Many know of the movie “Ishtar” more by reputation than of ever having seen it. When released, it received overwhelmingly negative reviews (songwriter Paul Williams described them as a “tsunami of hate”) and “Ishtar” soon became one of the biggest box office bombs of all time; grossing $14 million against a budget of $55 million.
Years later however, “Ishtar” has gained a strong cult following and many see it as a truly hilarious movie. Quentin Tarantino has called it one of his favorite movies and even owns a 35mm print of it. Much of the humor found in this unfairly maligned film comes from Williams’ songs, and he was at Cinefamily in Los Angeles on June 16, 2012 to talk about writing them and working with director Elaine May and stars Warren Beatty and Dustin Hoffman.
The emcee at Cinefamily asked Williams how he could write songs that were “so close to terrible and yet somehow believable,” and he commented that there was “a pure joy in their badness.” Williams said he took a “method approach” to writing for these characters who were essentially “mismatched writers.” Lyle Rogers (played by Beatty) has “this country background,” and Chuck Clarke (played by Hoffman) is a “slick city guy full of himself.”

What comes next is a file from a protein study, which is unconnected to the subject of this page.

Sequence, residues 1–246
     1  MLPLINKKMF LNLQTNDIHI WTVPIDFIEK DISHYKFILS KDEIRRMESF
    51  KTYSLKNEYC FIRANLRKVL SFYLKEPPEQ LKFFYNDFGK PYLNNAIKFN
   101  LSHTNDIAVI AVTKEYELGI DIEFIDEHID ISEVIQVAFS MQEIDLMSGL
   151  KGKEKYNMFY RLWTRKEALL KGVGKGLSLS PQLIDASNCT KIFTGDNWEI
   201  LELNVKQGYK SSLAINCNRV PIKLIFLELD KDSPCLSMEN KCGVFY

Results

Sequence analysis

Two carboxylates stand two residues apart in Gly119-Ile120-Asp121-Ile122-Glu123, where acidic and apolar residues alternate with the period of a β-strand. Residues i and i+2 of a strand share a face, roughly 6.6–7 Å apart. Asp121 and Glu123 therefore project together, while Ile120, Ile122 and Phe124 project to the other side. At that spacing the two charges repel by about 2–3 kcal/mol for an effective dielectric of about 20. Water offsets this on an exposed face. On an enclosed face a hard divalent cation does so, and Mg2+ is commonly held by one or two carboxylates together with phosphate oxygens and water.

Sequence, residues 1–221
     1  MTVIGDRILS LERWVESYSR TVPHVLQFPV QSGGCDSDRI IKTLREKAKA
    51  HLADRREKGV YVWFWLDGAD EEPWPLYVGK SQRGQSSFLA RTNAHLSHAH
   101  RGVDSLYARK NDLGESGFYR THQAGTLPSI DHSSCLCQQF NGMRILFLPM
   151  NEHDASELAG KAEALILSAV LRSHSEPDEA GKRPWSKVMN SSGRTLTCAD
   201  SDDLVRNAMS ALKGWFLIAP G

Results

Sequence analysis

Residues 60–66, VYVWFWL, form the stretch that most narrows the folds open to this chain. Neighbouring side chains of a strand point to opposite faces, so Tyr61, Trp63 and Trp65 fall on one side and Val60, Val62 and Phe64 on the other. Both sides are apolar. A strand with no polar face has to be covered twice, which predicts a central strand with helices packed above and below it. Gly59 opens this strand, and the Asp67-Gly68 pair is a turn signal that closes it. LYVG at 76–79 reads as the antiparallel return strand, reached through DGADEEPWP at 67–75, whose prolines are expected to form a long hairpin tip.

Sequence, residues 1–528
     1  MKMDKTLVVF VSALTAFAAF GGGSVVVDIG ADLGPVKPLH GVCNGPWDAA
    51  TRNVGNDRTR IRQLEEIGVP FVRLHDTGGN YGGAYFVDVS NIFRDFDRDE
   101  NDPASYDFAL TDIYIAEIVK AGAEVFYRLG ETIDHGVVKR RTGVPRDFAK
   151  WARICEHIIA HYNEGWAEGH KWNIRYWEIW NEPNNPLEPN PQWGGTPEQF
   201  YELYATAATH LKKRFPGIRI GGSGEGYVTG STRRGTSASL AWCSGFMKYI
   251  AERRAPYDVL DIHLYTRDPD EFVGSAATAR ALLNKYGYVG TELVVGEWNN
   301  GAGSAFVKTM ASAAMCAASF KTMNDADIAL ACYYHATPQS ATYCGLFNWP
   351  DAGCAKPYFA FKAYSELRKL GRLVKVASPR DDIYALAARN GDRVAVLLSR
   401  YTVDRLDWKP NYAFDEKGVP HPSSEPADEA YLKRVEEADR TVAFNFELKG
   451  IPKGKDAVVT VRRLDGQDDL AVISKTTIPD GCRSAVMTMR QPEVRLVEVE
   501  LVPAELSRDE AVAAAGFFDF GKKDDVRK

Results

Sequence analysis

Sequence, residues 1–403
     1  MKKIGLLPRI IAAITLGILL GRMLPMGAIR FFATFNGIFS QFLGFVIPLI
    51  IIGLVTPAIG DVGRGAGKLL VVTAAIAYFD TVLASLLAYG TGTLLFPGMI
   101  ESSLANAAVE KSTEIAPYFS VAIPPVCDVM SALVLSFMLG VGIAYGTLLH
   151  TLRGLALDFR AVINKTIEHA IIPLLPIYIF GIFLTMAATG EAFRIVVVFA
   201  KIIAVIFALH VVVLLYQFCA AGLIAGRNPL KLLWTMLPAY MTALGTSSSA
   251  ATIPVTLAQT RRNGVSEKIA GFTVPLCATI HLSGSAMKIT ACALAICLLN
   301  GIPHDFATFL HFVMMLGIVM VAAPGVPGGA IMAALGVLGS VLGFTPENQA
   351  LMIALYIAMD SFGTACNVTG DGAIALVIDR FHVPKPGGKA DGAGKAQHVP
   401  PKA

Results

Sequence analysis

Going even further with this approach, to write songs where the characters are crawling around in the desert, Williams said he spent “two nights in the desert alone” to get a feel of what it would be like. Looking back he did say that there were “chemicals involved,” but that it was mostly alcohol as “Ishtar” was being filmed in Morocco.
In working with director May, Williams said she “couldn’t tell him what she wanted” for the music but that she would know it when she heard it. Williams quoted May in telling how they would work together:
“There’ll be a couple of lines of a song that are going to be slotted in.”
“So I’ll write a couple of lines of the song,” Williams said.
“No,” said May. “I won’t know which lines are the right ones. You’re gonna have to write the whole song and you can’t sing it. I want you to teach it to Dustin and Warren to play and sing.”
From there Williams said that “for every little bit of two lines, I wrote fifty songs for ‘Ishtar’ and I taught them to Warren and Dustin.” This whole process ended up taking 18 months to complete.
The first song Williams played for May which he wrote for “Ishtar” was “Carol,” and it had such ridiculous lyrics like:
“When you can taste the pride in Dallas and lose your taste for malice… That’s when the morning is going to change your name to Carol.”
After that, Beatty immediately said to Williams “you’re hired!” May however went “yeah, but I’m still not sure…” So then Williams played her a song called “That a Lawnmower Can Do All That,” and she went “done!”
After that the emcee played a number of clips from “Ishtar” where Beatty and Hoffman performed Williams’ songs, and the audience laughed at them uncontrollably. For a movie so critically eviscerated, “Ishtar” looks far better than its reputation would suggest. Hopefully Columbia Pictures will take the time to finally release the movie on DVD as it hasn’t to date. A new generation of moviegoers have embraced “Ishtar” shamelessly, and they have given this box office turkey a new lease on life.